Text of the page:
by Melanie Christner, NTP, CGP, CHFS

You’re probably going to notice (if you haven’t already) that fats are my favorite macronutrient. Proteins and low-glycemic veggies as Carbs definitely have their place, but fats hold a special place in my heart (literally and protectively)

Here is a lesson I wrote last spring for the Calm Mind course, and I wanted to share it with my readers. I hope you find it helpful!

Did you know?

  • Fats are a considerable part of EVERY one of our 100 trillion+ cells. The quality of fats you eat = the quality of your cells.
  • Fats & cholesterol are critical in making steroid hormones, which influence our moods.
  • Fats make up about 60% of your brain’s dry weight.
  • Fats satiate us and make food taste good.
  • Fats are essential in the makeup of our neurotransmitters…our brain and gut messengers.

This lesson includes…

  • A Fat Story
  • Who messed with fats and cholesterol?
  • What do fats have to do with moods and mental health?
  • Fatty acid deficiency
  • Roles of fats
  • When, and how much, do we need fats?
  • What are good fats to cook and eat with?
  • Where do I find good fats?
  • Steps-To-Take
  • I-LOVE-FAT Recipes

What do fats and mood have to do with each other? Your brain is mostly fat, and when you are depleted in fat you can see (and feel) it in your moods.

A Fat Story – (condensed version)

I adore fat.

I didn’t always. And I didn’t give it much thought until around age 30. Growing up my family cooked and baked yummy food with industrially produced vegetable oils or mainstream butter, depending on the application. In my 20’s I bought into the low-fat thing and bought fat-free sour cream. (Food industry adds genetically modified corn syrup and other sweeteners to make up for the lack in good taste that is lost when removing the natural fats.)

Thankfully that low-fat phase didn’t last forever. I lost some health and vitality, which led me to research what healthy traditional cultures ate. Now, among other dietary changes, I stay slim, strong, and mentally calm by consuming plenty of nourishing fats as part of a balanced whole food diet, and avoiding the real fat producing and mood diminishing culprits – sugar and processed foods.

Who messed with fats & cholesterol?

As a culture we weren’t always scared of fat. This modern phenomenon is largely due to erroneous reporting by a researcher named Ancel Keys, in the 1960’s. Big-agriculture got involved (because you could make a lot more money from cheap, subsidized mono-cropped grain/seed based vegetable oils, than sustainable pasture raised healthy animal fats) and for the past 50+ years we have been led to believe that natural and traditional fats are evil and not necessary for human health, while grains and vegetable oils have been pushed as a necessary part of our diet. At the same time (and due to more factors than JUST fat, I know) we are more aggressive, more depressed, and more anxious than ever.

So what do fats have to do with moods and mental health?

Again, the brain is composed of mostly fat…about 60% of its dry weight.

Every one of our 100 trillion+ cells has fats composing its outer “lipid bilayer” or “membrane”. The quality of the fats we eat determines the quality of our very cells. These cells make up our organs, our tissues, our nervous system, our brain, and every other part that is “us”. High quality cell membranes allow for good messaging between cells and good transfer of nutrients, again attesting to the importance of the types of fat you consume.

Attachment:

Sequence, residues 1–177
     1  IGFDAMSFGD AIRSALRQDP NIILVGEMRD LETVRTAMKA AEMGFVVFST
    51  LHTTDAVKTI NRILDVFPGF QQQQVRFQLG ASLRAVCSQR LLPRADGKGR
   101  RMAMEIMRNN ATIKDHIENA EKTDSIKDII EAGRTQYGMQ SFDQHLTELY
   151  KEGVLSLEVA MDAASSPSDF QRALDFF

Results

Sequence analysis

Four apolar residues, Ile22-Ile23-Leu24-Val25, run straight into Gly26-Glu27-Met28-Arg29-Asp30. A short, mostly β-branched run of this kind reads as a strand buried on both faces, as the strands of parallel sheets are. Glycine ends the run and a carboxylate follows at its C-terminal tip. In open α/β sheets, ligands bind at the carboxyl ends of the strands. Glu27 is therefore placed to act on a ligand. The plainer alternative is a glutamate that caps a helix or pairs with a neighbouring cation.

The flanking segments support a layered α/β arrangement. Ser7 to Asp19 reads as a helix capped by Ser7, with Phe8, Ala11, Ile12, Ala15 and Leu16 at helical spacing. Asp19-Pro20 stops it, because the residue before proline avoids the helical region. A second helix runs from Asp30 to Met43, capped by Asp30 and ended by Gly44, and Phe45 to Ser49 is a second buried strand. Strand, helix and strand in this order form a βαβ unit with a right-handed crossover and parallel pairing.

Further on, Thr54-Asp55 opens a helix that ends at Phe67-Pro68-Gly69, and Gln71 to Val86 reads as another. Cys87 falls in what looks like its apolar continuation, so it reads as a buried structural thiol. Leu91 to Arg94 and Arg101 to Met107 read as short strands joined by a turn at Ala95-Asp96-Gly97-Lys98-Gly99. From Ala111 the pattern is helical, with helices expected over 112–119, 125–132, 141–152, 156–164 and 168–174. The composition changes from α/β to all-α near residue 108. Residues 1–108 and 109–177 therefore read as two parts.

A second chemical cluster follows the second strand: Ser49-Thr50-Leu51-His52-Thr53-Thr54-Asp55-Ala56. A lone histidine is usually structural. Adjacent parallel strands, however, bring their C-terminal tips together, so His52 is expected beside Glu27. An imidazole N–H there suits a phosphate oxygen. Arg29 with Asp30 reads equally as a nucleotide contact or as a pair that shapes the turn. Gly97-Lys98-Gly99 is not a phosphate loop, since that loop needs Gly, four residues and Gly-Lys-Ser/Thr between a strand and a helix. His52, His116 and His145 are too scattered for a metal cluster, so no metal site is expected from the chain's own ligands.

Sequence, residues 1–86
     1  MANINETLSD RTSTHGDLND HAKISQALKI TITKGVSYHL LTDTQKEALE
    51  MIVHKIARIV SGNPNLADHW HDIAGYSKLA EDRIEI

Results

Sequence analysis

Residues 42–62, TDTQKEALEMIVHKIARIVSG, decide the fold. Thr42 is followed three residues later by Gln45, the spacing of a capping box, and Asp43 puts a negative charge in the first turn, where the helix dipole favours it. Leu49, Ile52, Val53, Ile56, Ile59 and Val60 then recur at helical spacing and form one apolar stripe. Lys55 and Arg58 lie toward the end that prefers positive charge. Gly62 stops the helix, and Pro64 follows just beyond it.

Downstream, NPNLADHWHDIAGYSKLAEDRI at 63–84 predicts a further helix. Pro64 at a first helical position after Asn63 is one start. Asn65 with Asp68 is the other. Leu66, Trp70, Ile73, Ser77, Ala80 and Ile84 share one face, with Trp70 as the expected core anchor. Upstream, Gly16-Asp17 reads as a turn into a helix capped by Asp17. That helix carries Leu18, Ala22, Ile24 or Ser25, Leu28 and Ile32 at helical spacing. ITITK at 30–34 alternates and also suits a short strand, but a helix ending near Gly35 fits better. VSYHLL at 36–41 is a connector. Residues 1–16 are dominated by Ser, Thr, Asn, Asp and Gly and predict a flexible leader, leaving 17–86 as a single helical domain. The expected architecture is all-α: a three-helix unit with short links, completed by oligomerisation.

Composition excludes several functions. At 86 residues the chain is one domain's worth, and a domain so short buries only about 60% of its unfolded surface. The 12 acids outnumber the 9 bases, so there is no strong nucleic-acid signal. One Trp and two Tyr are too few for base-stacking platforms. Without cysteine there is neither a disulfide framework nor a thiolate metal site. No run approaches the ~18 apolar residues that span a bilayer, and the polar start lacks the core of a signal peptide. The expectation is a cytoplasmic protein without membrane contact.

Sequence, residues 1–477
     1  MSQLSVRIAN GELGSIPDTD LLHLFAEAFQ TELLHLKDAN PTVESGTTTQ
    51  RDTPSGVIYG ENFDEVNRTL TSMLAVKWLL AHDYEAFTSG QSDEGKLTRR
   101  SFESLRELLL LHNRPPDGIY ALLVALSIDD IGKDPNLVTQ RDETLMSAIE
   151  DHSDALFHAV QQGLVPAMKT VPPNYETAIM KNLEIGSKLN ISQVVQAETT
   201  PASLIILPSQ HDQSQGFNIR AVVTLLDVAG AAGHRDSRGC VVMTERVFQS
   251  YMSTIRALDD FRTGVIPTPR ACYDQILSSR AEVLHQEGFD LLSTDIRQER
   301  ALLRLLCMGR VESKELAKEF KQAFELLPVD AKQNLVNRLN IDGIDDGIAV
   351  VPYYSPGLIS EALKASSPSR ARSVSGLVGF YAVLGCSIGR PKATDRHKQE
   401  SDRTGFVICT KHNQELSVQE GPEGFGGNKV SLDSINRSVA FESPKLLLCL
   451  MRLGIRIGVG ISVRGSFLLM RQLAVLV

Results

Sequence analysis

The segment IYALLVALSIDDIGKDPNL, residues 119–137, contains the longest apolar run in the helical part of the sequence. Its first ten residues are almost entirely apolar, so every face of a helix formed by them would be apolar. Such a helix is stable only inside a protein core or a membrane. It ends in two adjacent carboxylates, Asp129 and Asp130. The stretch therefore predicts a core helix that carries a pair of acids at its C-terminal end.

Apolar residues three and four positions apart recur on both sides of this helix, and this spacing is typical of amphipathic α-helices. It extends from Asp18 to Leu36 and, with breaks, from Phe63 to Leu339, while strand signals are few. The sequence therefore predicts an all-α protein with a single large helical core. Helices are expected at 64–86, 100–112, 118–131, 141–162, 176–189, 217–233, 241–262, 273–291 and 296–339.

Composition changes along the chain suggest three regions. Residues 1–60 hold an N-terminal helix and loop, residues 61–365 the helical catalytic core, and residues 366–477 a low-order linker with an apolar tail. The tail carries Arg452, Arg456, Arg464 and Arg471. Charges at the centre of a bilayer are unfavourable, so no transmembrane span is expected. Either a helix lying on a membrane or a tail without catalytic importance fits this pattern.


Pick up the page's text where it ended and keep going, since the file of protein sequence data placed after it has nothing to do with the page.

Processed fats like Crisco, Pam, Better than Butter, and a whole lot of other margarines, shortenings, vegetable oils, spreads, as well as processed fats as ingredients in processed foods, are foreign to our human physiology. The unsaturated fatty acids that are contained in these seed and plant oils are unstable and easily damaged. When put through the high heat, high pressure, chemical extraction, the fatty acids structures are chemically altered and become even more harmful. On top of this processing, many are hydrogenated to stay solid at room temperature. This process also involves high temperatures (248 – 410 degrees F) in the presence of metals like nickel and aluminum. Remnants of these toxic metals stay in the hydrogenated oils and add to the general toxic load on the body. Toxic metals have been linked to brain & mental conditions such as Alzheimer’s, learning disabilities and dementia.

Here’s a clip showing how vegetable oil is made…pay attention to the line about canola oil being one of the healthiest oils on the market…choke and gasp!


Many hormones (our body’s messengers) and neurotransmitters (substances that carry nerve impulses from one neuron to another across a synapse) are made of fat. Hormones and neurotransmitters are substantial players in our mental well being. This makes fats extremely important in our diet.

Starving our bodies of fat, or just not getting “enough”, can cloud our brain’s perception and leads to seeing the world through the lenses of anxiety, depression, mistrust, anger, aggression, or mood swings and, combined with toxins, and even leads to more serious mental conditions like bipolar or schizophrenia, addictive behaviors, or developing seizures and epilepsy episodes.

Fatty Acids = The smaller components of Fats

Today, healthy fatty acid deficiency is epidemic.

Deficiency leads to:

  • Musculoskeletal issues
  • Endocrine issues
  • Cardiovascular issues
  • Immune issues
  • Allergies and asthma
  • Depression and other mood disorders.

Roles of Fats:

  • Provide a source of energy (fats are the longer lasting fuel, the “logs” with carbs being the “kindling”)
  • Are important in the makeup of cell membranes (as you can see in the graphic…the lipids, the cholesterol, the fatty acid tails…)
  • Are necessary for healthy liver function: building healthy cholesterol and bile
  • Are required for the absorption of fat soluble vitamins: A, D, E, K
  • Are required for the adequate use of proteins
  • Serve as a protective lining for the organs of the body
  • Play a role in slowing the absorption of food for proper energy regulation
  • Are imperative to managing the inflammation process

So when do we need fats? How much?

Every body is bio-individual and will need to figure out what their body needs. A general goal for your meals, or your day, is this: 40% carbs, 30% protein, and 30% fats. 30%!!! Sweet, right?

As Brenda lays out in Lesson 1 the kinds of carbs, proteins and fats are the difference between what is harmful and what is healthy.

What are good fats to eat and cook with?